"The symptoms, they are real," he said. "I answer five to seven e-mails a night from women all over the world asking. 'What do I do about these symptoms?' "
Melmed said that by 10 years after patients get them, 50% of silicone implants rupture; 72% by 15 years; and 94% rupture by 20 years. "Why is the FDA continuing to allow a device to be placed in young women that is guaranteed to fail 80% in 10 years? Would they allow that in hip replacements? Would they allow it in men?"
According to ASAPS, more then 318,000 breast augmentations were done in 2010 -- more than any other surgical procedure. Sixty-two percent of those were silicone implants.
Both Mentor and Allergan's implants come with a warranty that offers free replacement in case of rupture or deflation. It offers surgical cost assistance for replacement surgery.
Another hotly debated topic was MRI screening. Product labeling calls for patients to get an MRI three years after implantation and then every two years after. MRI picks up about 90% of ruptures, but the procedure is costly and some experts expressed concern over false positive readings.
But the FDA says the MRI is the gold standard for detecting silent rupture. The agency says it will continue to look into its clinical value. Looking to the future, the agency said it will see the current studies completed, make sure follow-up rates improve and will look into the creation of a breast implant registry -- possibly on an international scale.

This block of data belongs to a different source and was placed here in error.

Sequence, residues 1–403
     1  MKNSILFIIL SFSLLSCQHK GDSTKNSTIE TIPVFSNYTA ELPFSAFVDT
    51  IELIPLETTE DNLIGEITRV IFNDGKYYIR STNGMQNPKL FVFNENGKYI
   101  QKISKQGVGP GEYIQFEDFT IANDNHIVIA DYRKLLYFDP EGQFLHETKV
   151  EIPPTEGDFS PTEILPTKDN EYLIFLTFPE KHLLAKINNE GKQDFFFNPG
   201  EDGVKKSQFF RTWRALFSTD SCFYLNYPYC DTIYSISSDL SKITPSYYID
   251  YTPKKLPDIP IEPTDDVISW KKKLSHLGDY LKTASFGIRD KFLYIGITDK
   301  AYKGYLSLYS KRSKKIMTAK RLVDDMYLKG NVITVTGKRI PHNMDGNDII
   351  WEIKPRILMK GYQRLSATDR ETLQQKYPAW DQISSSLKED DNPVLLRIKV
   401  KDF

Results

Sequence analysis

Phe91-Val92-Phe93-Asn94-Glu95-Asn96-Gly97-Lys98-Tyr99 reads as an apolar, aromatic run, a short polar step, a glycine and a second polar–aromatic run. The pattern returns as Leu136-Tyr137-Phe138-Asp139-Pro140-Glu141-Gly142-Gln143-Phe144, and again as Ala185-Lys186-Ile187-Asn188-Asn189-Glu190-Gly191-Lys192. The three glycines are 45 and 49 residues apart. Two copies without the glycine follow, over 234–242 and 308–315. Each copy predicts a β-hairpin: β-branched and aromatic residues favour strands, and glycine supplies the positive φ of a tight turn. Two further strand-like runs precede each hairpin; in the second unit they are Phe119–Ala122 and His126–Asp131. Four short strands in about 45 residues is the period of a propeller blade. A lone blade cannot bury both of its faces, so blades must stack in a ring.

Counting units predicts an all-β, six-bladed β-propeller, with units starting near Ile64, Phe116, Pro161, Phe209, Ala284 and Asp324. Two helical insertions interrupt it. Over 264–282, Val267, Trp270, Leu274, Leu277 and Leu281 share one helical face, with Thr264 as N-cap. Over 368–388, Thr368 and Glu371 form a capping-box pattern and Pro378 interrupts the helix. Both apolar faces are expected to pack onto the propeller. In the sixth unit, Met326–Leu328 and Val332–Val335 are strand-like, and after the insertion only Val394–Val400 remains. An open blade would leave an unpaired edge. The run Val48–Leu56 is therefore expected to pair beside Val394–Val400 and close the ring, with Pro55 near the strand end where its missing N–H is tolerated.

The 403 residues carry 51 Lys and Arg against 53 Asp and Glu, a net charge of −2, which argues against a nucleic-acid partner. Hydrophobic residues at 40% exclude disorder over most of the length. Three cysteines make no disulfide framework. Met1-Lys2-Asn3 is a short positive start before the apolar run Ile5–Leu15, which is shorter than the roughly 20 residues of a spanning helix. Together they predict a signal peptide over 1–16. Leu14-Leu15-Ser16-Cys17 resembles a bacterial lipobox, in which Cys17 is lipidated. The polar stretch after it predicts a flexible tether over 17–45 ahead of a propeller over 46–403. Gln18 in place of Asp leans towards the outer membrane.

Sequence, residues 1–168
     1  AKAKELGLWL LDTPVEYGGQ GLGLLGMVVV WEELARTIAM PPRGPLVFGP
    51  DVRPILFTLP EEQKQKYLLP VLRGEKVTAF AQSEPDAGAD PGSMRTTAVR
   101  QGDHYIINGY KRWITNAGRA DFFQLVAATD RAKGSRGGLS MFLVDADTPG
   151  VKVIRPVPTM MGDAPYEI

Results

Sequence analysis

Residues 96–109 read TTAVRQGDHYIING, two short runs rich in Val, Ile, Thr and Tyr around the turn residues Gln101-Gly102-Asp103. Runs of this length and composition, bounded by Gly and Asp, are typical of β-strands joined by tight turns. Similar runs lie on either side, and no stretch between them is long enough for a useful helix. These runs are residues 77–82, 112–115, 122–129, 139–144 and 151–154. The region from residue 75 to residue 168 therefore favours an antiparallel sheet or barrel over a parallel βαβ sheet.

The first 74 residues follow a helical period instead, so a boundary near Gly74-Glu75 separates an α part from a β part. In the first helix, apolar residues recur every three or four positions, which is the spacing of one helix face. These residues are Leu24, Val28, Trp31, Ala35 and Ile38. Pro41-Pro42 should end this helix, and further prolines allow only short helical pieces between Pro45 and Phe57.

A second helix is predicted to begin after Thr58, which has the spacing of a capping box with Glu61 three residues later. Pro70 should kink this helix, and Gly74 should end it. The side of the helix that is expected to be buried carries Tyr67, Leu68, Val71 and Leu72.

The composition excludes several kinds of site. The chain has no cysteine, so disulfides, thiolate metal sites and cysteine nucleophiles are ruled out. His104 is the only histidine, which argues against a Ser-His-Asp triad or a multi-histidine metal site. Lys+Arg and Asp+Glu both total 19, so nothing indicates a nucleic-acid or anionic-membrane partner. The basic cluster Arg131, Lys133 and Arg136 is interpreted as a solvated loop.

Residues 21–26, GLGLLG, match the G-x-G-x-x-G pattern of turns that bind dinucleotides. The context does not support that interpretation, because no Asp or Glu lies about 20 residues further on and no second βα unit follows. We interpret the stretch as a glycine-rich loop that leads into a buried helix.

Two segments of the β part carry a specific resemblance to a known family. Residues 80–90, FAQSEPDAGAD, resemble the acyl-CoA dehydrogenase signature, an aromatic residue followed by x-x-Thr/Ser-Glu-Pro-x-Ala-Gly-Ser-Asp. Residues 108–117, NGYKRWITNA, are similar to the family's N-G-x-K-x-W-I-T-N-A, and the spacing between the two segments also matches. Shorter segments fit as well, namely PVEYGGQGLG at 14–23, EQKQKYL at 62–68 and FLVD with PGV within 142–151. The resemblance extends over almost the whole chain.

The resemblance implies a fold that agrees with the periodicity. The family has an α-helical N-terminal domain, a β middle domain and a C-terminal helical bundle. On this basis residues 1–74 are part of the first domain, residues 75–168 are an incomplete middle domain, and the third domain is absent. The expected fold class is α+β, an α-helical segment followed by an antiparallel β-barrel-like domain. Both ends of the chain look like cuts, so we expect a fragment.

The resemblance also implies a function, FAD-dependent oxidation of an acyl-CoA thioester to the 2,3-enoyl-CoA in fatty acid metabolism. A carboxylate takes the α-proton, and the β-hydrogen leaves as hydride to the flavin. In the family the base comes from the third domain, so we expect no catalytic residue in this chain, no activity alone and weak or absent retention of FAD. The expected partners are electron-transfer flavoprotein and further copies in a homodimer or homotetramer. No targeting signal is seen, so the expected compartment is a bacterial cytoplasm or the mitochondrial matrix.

Mentor recommended a number of ways to get robust data on long-term safety, including enhanced post-market surveillance, and reviewing published literature and existing external databases like TOPS -- a physician website managed by the American Society of Plastic Surgeons.
"We believe these sources may provide the data FDA requires on potential medical conditions in women with breast implants and would most likely capture any early 'safety signals,' " Allman said. "This therefore reduces the need for another large epidemiological study. If any new safety signals are identified, we would work with the FDA to define a targeted study design."
FDA spokeswoman Erica Jefferson said the agency has a lot to consider. "The past two days have provided some very compelling information for the FDA. We took away several meaningful recommendations during the meeting."
Jefferson said the FDA's next step will be to review the recommendations and outline the suggestions they think should be implemented. They plan to engage stakeholders including sponsors, professional groups, patients, consumer groups and academia before making any decisions.